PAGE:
A variant of the Gamba, found at 8' on the manuals or, rarely, at 16' in the pedal, so named because of the �bell� (inverted conical section) found at the top of each pipe. While most sources describe the body of the pipe as being conical, Sumner describes it as cylindrical. Wedgwood describes both forms, and reports that the conical form was invented by William Hill and used for his Viola da Gamba. Authorities differ as to its scale: Sumner says small, Audsley says medium, and Wedgwood says large. Audsley provides the illustration reproduced here (click on it for a larger image) and gives the following measurements for the middle c1 pipe: diameter at mouth1.39" diameter at junction of bell 0.76" diameter at top of bell1.27" length of bell4" length of bodyapprox. 21.5" The forms of the pipes required that it be tuned using its large ears, bent inward to flatten or outward to sharpen. Reaching the mouths of the pipes could be extremely difficult, depending on the stop's placement on the windchest. The tone of the Bell Gamba has been described as �delicate�, �reedy� and similar to that of the orchestral Viola da Gamba. The stop is largely obsolete, owing to the difficulty in its construction, voicing and regulation. Audsley maintains that better tonal results can be obtained from simpler pipe forms.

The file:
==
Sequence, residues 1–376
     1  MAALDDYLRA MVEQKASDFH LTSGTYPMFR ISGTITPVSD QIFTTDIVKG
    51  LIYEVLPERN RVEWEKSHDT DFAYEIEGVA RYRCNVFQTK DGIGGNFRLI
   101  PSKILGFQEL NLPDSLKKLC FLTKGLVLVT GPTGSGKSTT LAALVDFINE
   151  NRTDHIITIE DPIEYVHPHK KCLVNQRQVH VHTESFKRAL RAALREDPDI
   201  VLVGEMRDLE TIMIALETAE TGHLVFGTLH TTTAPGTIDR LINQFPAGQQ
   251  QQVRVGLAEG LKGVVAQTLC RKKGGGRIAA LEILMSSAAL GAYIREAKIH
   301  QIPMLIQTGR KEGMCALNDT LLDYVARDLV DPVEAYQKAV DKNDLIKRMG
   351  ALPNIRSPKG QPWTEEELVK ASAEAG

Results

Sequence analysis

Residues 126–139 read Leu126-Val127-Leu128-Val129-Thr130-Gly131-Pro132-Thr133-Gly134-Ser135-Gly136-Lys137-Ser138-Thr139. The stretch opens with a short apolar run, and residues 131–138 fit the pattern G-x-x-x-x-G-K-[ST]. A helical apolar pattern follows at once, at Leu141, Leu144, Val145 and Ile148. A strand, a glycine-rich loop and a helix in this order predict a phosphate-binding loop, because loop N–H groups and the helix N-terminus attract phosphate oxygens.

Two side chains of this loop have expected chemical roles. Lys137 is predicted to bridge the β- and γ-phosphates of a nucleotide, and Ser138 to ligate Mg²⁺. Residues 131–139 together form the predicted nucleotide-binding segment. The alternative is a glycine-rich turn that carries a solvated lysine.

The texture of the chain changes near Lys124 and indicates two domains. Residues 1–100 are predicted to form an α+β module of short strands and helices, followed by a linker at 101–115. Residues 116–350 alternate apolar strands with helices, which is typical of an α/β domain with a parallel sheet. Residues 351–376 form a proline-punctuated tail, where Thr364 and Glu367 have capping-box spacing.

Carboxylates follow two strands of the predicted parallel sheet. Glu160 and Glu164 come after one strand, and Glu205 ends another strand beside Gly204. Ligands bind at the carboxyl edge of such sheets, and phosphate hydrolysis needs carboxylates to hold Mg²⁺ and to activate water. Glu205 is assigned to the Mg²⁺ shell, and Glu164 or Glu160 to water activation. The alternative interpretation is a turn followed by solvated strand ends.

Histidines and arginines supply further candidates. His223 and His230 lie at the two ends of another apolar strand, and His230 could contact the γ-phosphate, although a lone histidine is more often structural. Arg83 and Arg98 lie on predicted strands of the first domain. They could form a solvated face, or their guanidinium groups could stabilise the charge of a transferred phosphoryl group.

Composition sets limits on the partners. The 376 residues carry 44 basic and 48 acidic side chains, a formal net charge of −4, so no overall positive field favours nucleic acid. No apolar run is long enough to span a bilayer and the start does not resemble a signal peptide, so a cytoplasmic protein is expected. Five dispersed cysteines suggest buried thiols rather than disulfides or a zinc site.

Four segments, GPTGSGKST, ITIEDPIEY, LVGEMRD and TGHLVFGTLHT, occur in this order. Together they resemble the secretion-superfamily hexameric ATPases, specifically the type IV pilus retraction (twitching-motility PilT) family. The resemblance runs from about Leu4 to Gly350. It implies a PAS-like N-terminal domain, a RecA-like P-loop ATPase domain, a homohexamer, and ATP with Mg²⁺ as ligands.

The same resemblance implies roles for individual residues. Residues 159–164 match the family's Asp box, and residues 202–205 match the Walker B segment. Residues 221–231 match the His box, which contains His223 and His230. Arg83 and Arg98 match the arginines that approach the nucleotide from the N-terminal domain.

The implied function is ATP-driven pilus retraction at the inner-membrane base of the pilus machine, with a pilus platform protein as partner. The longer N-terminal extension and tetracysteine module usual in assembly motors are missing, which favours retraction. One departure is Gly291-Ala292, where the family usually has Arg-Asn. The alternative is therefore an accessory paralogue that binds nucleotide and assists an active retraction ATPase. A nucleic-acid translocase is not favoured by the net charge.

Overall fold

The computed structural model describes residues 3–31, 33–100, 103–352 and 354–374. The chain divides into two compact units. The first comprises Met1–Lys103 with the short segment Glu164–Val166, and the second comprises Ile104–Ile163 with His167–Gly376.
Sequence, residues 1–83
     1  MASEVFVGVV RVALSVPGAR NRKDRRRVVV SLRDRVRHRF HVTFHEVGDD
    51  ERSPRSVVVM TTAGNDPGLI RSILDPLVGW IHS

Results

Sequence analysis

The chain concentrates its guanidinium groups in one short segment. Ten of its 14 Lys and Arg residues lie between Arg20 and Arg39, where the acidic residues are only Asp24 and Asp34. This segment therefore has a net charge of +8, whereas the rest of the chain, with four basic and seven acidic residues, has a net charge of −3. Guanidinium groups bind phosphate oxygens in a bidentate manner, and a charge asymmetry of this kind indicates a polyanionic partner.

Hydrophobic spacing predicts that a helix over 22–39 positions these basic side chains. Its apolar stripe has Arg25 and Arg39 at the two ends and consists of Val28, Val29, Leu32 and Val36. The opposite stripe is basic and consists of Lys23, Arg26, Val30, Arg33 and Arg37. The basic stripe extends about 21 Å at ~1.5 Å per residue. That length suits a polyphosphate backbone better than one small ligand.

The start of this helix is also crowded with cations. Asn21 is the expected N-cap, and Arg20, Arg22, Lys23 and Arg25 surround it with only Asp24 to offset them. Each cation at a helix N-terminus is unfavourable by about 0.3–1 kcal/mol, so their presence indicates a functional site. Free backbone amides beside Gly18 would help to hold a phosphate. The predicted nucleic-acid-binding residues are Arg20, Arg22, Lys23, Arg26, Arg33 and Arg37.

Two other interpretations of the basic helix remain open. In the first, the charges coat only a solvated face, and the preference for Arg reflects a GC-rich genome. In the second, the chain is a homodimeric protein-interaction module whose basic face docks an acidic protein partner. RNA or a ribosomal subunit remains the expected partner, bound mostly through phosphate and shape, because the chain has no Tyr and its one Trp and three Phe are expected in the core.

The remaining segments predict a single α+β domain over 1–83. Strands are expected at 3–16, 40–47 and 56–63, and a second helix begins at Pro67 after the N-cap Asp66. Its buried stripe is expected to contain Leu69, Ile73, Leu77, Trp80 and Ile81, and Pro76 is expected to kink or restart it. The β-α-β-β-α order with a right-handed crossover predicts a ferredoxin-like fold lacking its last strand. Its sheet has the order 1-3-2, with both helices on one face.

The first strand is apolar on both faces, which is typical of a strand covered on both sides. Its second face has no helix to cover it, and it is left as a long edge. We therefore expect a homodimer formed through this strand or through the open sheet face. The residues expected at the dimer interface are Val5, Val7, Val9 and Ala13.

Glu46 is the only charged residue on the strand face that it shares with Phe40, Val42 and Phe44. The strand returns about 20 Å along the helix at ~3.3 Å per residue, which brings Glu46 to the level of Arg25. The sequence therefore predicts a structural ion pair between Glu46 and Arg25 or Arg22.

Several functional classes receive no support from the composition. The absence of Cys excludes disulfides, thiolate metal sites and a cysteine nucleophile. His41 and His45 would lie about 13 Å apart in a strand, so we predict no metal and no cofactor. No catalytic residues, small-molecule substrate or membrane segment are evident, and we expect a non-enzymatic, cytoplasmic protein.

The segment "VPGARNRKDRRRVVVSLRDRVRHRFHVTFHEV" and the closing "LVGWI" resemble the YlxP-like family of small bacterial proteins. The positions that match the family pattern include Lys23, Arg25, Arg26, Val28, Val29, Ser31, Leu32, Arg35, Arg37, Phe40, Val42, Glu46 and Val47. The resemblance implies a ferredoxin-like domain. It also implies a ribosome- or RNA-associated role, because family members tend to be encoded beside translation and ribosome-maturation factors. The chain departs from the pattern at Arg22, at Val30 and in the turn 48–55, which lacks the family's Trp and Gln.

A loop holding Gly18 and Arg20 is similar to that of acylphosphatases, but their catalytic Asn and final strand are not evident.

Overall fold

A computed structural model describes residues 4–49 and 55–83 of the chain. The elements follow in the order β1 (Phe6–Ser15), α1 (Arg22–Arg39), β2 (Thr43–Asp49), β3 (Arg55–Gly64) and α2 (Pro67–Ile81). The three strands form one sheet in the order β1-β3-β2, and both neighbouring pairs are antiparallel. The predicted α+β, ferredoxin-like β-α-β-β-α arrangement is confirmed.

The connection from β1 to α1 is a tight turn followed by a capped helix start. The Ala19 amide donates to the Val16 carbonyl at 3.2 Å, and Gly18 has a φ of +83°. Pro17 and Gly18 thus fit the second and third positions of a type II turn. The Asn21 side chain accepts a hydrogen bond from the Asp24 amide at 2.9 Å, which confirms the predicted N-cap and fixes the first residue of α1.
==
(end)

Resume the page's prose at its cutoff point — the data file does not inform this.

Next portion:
The earliest known example occurs under the name Gamba: